Tommy Tiernan: Eh at Montreal 2009

Note: This review is from 2009

Review by Steve Bennett

Tommy Tiernan has very firm ideas about a lot of things, not least of which is stand-up itself. ‘Its not intellectual,’ he rages. ‘It’s reckless. It should offend as many people as it can. There are things that will be said in here that will not work in the outside world.’

And let no one say he doesn’t practice what he preaches in this conspiratorially bonding rhetoric. His comedy is uniquely visceral; a powerful unleashing of the elemental emotions of rage, love, lust and frustration through barely controlled passion.

He’s a forceful, fearless comedian, and although he gives the impression – and often the deed – of impulsiveness, these are things he’s thought about, combining the insight of a man who defiantly wants to buck any accepted lines of thinking with the lethal turn of comic phrase we’ve not seen since Dave Allen’s day. In an age of glib sarcasm, Tiernan’s a fierce communicator with a sharp, independent mind - which is why he is such a festival favourite.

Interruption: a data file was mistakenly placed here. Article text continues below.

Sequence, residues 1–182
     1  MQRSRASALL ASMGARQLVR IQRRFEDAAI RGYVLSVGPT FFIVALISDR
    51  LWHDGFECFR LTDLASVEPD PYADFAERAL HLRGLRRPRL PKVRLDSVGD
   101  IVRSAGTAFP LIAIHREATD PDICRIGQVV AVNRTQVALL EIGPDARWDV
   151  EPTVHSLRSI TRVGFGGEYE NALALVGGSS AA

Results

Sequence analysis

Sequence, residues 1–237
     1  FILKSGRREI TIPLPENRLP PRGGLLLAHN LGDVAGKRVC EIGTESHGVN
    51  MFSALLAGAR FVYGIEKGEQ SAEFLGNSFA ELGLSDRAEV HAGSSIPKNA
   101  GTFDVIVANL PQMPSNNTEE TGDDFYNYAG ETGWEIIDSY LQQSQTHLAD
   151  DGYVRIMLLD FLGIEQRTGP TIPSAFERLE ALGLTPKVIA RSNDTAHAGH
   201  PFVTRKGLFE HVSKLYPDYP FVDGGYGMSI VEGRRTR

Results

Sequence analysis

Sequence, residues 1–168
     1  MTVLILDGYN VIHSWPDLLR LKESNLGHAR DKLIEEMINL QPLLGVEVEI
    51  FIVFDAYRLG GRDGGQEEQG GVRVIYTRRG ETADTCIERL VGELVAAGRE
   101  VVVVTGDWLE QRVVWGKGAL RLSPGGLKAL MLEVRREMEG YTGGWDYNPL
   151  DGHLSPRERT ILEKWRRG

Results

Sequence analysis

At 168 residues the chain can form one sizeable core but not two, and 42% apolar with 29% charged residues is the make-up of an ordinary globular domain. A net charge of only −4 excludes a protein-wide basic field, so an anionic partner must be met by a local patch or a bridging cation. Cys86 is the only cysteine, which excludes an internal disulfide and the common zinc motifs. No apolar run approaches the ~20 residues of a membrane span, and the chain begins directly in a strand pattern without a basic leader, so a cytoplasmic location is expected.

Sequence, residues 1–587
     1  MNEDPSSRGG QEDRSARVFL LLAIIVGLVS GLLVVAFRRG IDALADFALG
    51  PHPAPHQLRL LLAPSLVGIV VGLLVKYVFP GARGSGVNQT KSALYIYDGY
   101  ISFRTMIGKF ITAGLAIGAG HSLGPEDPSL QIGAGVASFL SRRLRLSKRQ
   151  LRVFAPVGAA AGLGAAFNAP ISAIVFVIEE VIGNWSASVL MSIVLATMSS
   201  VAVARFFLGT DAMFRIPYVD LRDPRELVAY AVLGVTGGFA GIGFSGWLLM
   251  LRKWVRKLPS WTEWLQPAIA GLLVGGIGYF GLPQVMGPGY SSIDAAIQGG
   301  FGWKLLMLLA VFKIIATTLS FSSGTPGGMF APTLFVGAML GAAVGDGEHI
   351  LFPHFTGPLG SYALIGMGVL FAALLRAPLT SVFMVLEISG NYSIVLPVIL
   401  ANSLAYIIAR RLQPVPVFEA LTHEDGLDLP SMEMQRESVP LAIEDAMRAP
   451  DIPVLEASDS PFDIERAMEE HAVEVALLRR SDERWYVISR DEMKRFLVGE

He challenges comedy’s liberal consensus by asserting that President Obama will change nothing. The whole system needs to go, he believes, along with the bureaucratic lawbooks full of petty rules that stop us all from being free. Personal liberties – real personal liberties that mean you can even be a drunken fuckwit if you so wish – drive his rage.

But while the inflamed delivery is never less than oratorial, not everything is concerned with the great issues. He warms himself to his Canadian audience with quips about various towns he’s visited on a major tour of the nation. Each is greeted with pavlovian cheer; though it’s normally misplaced, as Tiernan’s very rarely advocating visiting any of these ourposts.

Equally, the final routine, the best in the show, is on that most domestic of topics: trying to get some sex while babies sleep nearby. How many new-dad comics have we seen mention this – but in floridly describing every often embarrassing detail of the process, Tiernan, now a father of five, makes it personal, passionate and singularly funny.

Such routines may be as predetermined as the next comic’s, but Tiernan channels such devil-may-care, all-caution-to-the-wind attitude that makes the ride exhilarating

Review date: 25 Jul 2009
Reviewed by: Steve Bennett

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